The truth is a Person, of whom we are servants. He is Lord of all and in His Spirit we speak as those who have authority, even when we lack the positional power the world assumes is necessary to be a truth speaker today.
When tempted to shade the truth or pass along anything less than the whole truth and nothing but the truth, stop and ask God to help you recommit, ruthlessly, to the truth.
Anything less puts you somewhere on the slide into enemy territory of the father of lies.
4. The concern for the gospel
Is my chief concern advancing the gospel always and in all ways?
It all comes down to a question of glory: me or Thee? In a selfie-centric, social media “how many followers do you have?” world, its hard to keep the emphasis on the gospel always and in all ways.
It’s hard to make much of the name of Jesus when you’re trying to make a name for yourself.
Ask yourself: How big a deal is Jesus, really? How big a deal is that Jesus is who He claimed to be, did what the Bible says He did, and does what the Church testifies He’s doing right now, by the power of the Holy Spirit? Can that news compete with the news of this day?
In a culture that has become news obsessed, are we good news obsessed? Are we seeking to advance the gospel always in all ways through all means right now?
Let’s be clear: There remains no name under heaven, given among men, by which we can be saved. Whatever or whomever you’re taking aim at today, what’s at issue is the gospel. Your name isn’t at risk but the name of Jesus is.
I find when I’m focused on Him—His name, His glory, His mind, His view of things, His heart for the lost—I’m both energized and at peace. I’m more ready to cooperate with the Holy Spirit and instead of just giving people another piece of my mind (which the world doesn’t need) I’m able to give people what they desperately need: the peace of the mind of Christ.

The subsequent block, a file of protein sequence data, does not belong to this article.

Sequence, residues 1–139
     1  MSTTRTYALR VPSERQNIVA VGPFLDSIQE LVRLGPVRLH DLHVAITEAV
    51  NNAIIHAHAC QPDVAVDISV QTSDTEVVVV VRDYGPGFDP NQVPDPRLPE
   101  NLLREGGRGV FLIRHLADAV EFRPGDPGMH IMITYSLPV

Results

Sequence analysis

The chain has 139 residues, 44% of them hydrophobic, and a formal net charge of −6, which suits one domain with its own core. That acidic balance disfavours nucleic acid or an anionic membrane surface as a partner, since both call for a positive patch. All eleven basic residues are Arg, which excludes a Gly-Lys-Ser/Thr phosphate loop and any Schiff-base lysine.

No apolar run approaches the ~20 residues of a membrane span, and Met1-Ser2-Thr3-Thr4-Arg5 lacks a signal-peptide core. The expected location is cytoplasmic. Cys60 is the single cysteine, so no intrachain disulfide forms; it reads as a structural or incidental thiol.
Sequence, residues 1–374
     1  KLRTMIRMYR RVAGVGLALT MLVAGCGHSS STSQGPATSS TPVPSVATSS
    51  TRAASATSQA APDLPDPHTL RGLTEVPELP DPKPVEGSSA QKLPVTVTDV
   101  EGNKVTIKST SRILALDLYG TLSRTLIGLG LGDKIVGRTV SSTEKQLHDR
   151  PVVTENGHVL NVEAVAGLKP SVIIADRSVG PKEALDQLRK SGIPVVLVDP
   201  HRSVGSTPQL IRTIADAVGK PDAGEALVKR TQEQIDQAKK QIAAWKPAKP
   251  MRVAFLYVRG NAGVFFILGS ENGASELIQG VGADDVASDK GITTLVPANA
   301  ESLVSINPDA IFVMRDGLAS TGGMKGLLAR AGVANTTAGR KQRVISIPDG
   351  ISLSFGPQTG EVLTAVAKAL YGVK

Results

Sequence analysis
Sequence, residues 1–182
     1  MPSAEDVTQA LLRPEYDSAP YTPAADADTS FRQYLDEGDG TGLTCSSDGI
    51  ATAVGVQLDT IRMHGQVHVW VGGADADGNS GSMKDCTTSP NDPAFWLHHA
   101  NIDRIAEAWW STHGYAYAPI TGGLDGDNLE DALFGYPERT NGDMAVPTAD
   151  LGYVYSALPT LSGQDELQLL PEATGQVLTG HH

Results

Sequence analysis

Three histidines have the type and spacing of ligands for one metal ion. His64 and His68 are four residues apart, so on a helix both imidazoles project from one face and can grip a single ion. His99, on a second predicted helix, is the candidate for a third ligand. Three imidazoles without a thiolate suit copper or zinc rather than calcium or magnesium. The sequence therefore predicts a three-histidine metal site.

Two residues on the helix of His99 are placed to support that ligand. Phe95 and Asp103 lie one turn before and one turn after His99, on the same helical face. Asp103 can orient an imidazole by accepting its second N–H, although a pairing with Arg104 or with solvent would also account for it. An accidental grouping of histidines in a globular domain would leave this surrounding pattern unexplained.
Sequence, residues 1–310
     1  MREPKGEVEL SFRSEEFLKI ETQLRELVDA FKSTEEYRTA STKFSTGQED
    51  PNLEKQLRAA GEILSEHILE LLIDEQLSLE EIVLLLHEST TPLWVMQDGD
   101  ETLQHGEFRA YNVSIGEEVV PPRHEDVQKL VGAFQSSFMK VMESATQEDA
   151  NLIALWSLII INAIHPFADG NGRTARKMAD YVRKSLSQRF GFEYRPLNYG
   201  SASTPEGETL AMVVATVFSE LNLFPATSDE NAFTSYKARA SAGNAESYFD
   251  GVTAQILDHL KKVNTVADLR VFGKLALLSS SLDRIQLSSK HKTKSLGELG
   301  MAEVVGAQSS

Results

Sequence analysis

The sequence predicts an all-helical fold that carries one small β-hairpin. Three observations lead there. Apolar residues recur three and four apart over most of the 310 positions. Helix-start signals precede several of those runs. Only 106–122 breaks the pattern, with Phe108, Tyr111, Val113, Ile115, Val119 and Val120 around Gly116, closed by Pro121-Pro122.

One more point before we go: The reverse side of insults is undeserved flattery.
Neither is the way of Christ. And when necessary Christians are to call out those who corrupt the truth. I’m recalling here Paul’s words directed a false court prophet in Acts 13: “Saul, who was also called Paul, filled with the Holy Spirit, looked intently at him and said, ‘You son of the devil, you enemy of all righteousness, full of all deceit and villainy, will you not stop making crooked the straight paths of the Lord?’”
Let those who have ears to hear, hear. And let each who has heard and responded in faith to the saving Gospel of Jesus Christ go forth to make His name great in the world today.
CARMEN FOWLER LABERGE (@CarmenLaBerge) is a speaker, teacher and host of “Mornings with Carmen,” She is the author of Speak the Truth: How to Bring God Back Into Every Conversation and executive director of the Common Ground Christian network. Carmen is part of Grace Community Church in Nashville where she lives with her husband, Jim. You can connect with her online at ReconnectwithCarmen.com